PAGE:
STANDISH — South Portland first baseman Anthony Degifico said he had it the whole way. His pitcher wasn’t so sure.

Degifico caught Jake Knop’s line drive with runners on second and third for the final out, preserving the Red Riots’ 2-1 win over Portland for the Western Class A baseball title Wednesday at St. Joseph’s College.

“I just had to step a little to my right,” said Degifico, who also made the second out of the inning when he fielded a grounder and ran to the bag.

Left-hander Henry Curran pitched a four-hitter with eight strikeouts to give third-ranked South Portland (15-4) its first regional title since 1991.

The Riots will attempt to win their first state title since the state playoff system began in 1970 when they play Bangor (17-2) at 3 p.m. on Saturday at Morton Field in Augusta.

South Portland lost to Cony 7-1 in 1991 in the school’s only previous appearance in the state final.

“(Curran) pitched a great game,” said Degifico. “I was nervous when Portland rallied, but we were confident because we have Henry and a great defense. We knew the game would be tight.”

Curran, a senior headed to the University of Southern Maine, was sailing with a two-hitter through six innings.

“I love pressure,” he said.

He got plenty in the seventh. Asked about the final out, Curran said: “I thought it was going through. Anthony’s short arms caught it.”

Curran got the first out in the seventh on a grounder to shortstop Drew Abramson. The next batter, George Chaison-Lapine, walked, and Jack Nichols singled through the middle.

Zach Fortin then hit a fly ball down the line. Left fielder Silas Zechman dove after a long run but the ball dropped in with Chaison-Lapine scoring. Joe Fusco then grounded out to Degifico with the runners advancing to second and third.

Portland Coach Mike Rutherford thought his team had won when the ball came off Knop’s bat.

“I thought it was over,” said Rutherford. “Our runner on third was halfway home.”

It was over but with the Riots on top and moving on.

Rutherford said he was proud of his team’s effort.

“We faced the best pitcher in the state who had all his stuff working and it came down to the final out,” he said. “We battled the entire way. You can’t ask more of a team.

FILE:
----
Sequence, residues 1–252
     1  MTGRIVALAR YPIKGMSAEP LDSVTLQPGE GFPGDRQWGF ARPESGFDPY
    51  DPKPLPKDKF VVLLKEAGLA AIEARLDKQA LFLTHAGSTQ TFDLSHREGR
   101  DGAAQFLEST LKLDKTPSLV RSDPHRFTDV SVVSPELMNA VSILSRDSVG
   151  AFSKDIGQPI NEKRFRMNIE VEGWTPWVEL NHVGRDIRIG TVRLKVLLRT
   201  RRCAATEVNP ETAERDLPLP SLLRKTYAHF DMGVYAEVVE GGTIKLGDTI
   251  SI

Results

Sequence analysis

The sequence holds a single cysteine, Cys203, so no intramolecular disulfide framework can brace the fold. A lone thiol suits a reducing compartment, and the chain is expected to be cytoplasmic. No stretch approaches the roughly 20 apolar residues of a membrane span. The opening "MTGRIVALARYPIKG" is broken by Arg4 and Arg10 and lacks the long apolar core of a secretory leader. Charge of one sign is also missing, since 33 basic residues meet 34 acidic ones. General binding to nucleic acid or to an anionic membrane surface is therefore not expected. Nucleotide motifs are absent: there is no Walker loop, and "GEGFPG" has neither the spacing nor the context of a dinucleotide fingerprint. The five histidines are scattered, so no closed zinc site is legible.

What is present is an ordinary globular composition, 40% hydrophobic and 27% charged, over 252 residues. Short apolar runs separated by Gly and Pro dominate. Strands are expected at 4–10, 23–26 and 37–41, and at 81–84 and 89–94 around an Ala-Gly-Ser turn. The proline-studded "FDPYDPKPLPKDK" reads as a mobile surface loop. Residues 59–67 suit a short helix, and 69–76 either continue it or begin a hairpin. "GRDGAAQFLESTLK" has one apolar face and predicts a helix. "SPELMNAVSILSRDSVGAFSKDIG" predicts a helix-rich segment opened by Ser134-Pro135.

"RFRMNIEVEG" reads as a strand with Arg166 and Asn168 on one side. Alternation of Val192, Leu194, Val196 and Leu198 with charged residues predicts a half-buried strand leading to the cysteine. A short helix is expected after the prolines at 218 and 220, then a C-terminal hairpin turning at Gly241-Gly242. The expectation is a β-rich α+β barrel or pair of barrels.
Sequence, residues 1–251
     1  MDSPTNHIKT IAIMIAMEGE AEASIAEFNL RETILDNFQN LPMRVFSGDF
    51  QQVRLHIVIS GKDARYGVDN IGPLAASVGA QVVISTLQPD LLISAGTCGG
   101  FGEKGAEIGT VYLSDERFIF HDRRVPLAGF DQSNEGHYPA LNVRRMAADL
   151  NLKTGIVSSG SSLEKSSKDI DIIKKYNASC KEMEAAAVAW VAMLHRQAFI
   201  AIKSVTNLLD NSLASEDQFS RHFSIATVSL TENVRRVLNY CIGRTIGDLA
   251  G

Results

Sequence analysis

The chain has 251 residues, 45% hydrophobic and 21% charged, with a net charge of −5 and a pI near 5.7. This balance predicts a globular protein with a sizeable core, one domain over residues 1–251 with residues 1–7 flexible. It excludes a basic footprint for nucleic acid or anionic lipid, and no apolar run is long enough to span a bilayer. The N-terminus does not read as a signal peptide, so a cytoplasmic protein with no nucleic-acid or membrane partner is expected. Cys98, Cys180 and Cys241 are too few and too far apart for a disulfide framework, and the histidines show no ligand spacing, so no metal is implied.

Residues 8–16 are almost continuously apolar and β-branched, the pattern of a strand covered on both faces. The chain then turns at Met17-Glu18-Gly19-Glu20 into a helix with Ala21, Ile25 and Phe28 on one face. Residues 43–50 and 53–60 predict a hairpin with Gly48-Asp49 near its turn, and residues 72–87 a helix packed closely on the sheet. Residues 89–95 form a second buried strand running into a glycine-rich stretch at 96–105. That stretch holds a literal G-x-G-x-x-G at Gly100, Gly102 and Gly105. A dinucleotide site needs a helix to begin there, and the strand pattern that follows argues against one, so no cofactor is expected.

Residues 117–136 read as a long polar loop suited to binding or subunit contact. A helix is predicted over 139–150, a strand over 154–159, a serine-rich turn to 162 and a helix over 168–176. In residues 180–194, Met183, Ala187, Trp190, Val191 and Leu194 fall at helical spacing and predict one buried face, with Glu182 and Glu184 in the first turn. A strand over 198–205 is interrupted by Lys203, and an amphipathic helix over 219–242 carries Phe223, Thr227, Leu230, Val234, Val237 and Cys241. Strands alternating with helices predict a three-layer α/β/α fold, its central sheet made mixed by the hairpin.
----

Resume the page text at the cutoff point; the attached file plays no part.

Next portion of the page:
“The back-to-back doubles for a run in the top of the seventh was huge for South Portland with Curran pitching.”

South Portland scored in the first inning when an infield throwing error allowed Matt Beecher, who had walked, to come around from first.

The Riots had runners on second and third with one out when Portland starter Dan Marzilli got the last two outs, the final one on a strikeout.

Marzilli allowed four hits in five innings before being relieved by Ryan Ruhlin in the sixth.

In the seventh, Curran, the No. 9 hitter who had struck out in his previous two plate appearances, sliced a liner inside the third-base bag that rolled down the line for a double.

Sam Troiano then hit the ball to nearly the same spot for a double, scoring Curran to make it 2-0.

Curran tossed a one-hitter with 14 strikeouts in a 4-0 win over top-ranked Portland (14-5) during the regular season.

“Henry looked strong in practices leading up to the game,” said South Portland Coach Mike Owens.

“I had a good feeling.”

Owens also was pleased that South Portland had, he said, “gotten over the hump,” referring to the school’s 24-year wait between regional titles.

Curran struck out five of the first eight batters he faced. He retired the Bulldogs in order in the second, fifth and sixth innings.

“I had to get used to the mound,” said Curran.

Every time Curran pitches, he writes the initials of his late grandmother, Adeline Curran, and his late uncle, Steve Onos, on the mound.

“I talk to them when I pitch. They really supported me in my baseball career,” he said.

Tom Chard can be contacted at 791-6419 or at

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Twitter: TomChardPPH